Your home is likely your most expensive investment, so you should be doing everything in your power to protect it. Home repairs can range from a few hundred dollars to several thousand (or more).
The good news is that there are many steps you can take to prevent some of these home repairs. Today we begin a two-part series on expensive home repairs and how to avoid them; you may even be inspired to begin shielding your own home from these common problems with a few simple steps.
- Fire damage
The National Fire Protection Association reported over 350,000 home fires in 2016 at a cost of 5.7 billion dollars. Protect your family and your home by ensuring you have smoke alarms installed and tested monthly. You’ll want to change the batteries regularly, and a good reminder is to do this when you change your clocks for daylight savings time.
Additionally, you’ll want to avoid any electrical issues in the home which often lead to fires. If circuit breakers are tripping regularly, lights flicker, or you notice any other signs of a potential problem, hire a professional to inspect your system. When remodeling or upgrading, consider the latest technology and talk with your builder about which option is best for your home.
- Foundation damage
The primary culprit behind foundation damage is changes in the soil’s moisture level. Due to the complicated nature of these repairs, it can become very expensive very quickly.
If you notice cracks, warped ceilings, water pooling in your basement or around the edges of your home, or if you find doors and windows aren’t properly fitting in their frames, making opening or closing difficult, you may have a foundation problem. This can allow water and insects to infiltrate and lead to even more significant damages.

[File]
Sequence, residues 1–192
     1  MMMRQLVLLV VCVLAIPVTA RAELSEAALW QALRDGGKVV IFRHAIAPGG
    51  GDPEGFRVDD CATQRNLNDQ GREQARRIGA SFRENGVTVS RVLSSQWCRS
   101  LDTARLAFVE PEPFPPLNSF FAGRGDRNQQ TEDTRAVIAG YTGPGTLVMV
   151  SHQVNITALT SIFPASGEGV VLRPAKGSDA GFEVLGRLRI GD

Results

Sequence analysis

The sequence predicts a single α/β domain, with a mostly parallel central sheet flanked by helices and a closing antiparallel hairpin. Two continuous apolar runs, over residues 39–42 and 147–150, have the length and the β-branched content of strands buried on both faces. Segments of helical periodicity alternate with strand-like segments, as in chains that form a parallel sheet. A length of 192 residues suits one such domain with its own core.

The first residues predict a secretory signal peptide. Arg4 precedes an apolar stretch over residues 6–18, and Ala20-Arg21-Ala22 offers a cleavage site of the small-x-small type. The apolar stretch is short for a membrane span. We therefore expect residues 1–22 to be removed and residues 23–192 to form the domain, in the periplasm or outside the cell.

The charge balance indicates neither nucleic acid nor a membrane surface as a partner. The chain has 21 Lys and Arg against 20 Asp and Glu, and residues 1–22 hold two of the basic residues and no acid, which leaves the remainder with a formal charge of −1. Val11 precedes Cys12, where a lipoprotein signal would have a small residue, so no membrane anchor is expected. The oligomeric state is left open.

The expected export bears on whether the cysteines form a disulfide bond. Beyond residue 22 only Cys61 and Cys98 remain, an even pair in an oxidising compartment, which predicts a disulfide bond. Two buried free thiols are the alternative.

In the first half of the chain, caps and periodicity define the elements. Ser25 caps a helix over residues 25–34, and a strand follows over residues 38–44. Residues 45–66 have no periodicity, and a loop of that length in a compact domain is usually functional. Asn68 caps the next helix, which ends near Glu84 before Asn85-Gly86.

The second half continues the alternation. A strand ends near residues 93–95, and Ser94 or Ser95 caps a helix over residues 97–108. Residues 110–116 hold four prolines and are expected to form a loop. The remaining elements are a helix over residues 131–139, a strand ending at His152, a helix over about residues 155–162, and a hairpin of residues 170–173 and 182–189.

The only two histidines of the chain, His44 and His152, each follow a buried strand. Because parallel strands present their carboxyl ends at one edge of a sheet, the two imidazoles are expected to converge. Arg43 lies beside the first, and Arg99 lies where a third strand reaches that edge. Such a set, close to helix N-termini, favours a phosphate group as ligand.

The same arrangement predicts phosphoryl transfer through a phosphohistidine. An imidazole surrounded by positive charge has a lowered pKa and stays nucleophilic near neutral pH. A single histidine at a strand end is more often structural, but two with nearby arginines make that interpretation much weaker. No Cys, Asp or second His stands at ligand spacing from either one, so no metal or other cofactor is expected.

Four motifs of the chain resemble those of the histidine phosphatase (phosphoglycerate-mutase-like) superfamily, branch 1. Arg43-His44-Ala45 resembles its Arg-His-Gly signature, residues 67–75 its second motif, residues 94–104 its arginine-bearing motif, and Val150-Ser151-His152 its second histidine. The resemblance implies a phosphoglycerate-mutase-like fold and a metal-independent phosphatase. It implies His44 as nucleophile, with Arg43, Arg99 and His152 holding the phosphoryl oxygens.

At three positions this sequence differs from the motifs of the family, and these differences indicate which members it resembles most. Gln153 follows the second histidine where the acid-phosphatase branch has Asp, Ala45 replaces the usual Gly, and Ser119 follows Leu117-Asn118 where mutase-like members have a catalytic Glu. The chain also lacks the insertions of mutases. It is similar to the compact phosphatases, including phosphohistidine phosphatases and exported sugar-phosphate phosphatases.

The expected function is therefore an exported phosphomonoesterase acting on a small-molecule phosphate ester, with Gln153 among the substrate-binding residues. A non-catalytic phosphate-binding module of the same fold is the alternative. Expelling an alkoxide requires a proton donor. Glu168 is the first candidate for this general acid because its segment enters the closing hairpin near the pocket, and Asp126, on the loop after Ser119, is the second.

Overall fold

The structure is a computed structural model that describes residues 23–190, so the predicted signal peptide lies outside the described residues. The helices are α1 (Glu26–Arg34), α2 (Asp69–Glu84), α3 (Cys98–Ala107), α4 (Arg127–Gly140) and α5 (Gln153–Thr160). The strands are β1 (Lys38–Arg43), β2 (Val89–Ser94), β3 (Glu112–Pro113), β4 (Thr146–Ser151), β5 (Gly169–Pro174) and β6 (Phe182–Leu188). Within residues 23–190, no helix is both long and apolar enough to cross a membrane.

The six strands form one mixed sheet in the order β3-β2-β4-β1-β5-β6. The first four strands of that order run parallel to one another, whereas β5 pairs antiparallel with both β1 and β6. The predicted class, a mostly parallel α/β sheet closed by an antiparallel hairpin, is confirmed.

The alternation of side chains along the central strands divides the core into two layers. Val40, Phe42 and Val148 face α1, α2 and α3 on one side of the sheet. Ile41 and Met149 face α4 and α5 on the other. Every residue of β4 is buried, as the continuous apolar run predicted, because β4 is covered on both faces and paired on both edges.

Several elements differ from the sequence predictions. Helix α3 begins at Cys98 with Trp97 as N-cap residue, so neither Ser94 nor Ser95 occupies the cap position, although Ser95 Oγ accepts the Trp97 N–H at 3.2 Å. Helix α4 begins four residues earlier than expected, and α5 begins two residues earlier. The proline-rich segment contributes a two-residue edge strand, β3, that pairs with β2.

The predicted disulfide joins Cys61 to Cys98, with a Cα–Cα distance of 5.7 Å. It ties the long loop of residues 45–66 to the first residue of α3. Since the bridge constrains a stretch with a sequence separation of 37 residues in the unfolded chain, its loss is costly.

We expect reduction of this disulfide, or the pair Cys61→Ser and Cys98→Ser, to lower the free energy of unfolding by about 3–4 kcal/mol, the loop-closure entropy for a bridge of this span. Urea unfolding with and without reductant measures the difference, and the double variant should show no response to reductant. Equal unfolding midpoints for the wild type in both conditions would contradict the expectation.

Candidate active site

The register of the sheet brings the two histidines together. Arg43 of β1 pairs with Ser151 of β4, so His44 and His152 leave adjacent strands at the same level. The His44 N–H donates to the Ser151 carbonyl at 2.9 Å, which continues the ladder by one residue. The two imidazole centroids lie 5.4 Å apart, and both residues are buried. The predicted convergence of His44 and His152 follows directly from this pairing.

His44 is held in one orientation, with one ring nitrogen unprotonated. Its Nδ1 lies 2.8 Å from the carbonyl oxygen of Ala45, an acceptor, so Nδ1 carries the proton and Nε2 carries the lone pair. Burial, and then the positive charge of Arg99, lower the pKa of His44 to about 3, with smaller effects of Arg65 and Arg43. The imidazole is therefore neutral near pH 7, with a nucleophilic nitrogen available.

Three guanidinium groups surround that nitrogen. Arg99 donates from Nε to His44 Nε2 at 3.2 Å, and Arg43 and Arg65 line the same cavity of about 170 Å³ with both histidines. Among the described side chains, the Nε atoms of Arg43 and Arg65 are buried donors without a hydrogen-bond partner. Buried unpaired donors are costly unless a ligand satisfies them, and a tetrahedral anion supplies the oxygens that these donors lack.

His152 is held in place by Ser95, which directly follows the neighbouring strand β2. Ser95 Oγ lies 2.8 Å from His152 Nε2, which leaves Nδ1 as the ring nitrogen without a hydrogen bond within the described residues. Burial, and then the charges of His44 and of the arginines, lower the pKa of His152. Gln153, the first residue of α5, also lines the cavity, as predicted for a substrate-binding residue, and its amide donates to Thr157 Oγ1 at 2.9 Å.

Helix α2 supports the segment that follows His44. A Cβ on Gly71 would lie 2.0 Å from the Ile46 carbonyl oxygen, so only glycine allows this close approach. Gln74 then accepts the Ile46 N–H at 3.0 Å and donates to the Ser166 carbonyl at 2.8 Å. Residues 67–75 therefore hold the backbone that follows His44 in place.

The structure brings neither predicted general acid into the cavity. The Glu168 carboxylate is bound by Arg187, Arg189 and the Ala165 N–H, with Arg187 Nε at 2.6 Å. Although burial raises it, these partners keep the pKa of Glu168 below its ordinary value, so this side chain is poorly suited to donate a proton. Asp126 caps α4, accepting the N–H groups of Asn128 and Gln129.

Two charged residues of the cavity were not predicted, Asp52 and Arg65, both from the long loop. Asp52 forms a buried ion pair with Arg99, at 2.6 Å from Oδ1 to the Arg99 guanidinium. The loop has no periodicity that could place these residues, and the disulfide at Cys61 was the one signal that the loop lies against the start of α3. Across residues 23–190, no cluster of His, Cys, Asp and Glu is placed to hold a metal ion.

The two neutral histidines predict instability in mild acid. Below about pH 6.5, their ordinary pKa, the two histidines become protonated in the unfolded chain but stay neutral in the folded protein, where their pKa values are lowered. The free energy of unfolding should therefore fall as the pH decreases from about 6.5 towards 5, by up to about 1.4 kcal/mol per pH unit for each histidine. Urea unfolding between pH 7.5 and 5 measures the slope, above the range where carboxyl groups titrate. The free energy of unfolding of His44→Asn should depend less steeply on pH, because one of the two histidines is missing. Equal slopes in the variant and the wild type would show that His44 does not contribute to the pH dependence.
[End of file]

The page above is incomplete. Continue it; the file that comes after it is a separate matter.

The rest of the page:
Perform any repairs to smaller cracks yourself if you can, and hire a professional home inspection engineer for larger or recurring cracks.
To help prevent and avoid foundation damage, make sure your roof and gutters are doing their job in driving water away from the home. The soil around the home should be sloped to help improve drainage away from the foundation.
We all know a leaky faucet, toilet, or other leak can damage our wallet when the water bill arrives. Unfortunately, these aren’t the only plumbing issues we can find in the home. With most plumbing hardware located inside walls or underground, a leaky or burst pipe may not even be noticed until it causes damage to your walls, flooring, or home foundation.
Obviously, leaks will provide a good indication that an issue is present, but other warning signs include flaking or discolored pipes, rusty water, noisy pipes, and low water pressure.
Some preventative steps you can take to protect your plumbing system are insulating pipes against cold winters, avoiding the use of chemicals to unclog drains, opting for thinner toilet papers and wipes, and even hiring a plumber every few years to professionally clean out your sewage pipes.
We hope you find these suggestions useful, and encourage you to check back here on our Norman Graham Builders blog next month for part two of our series.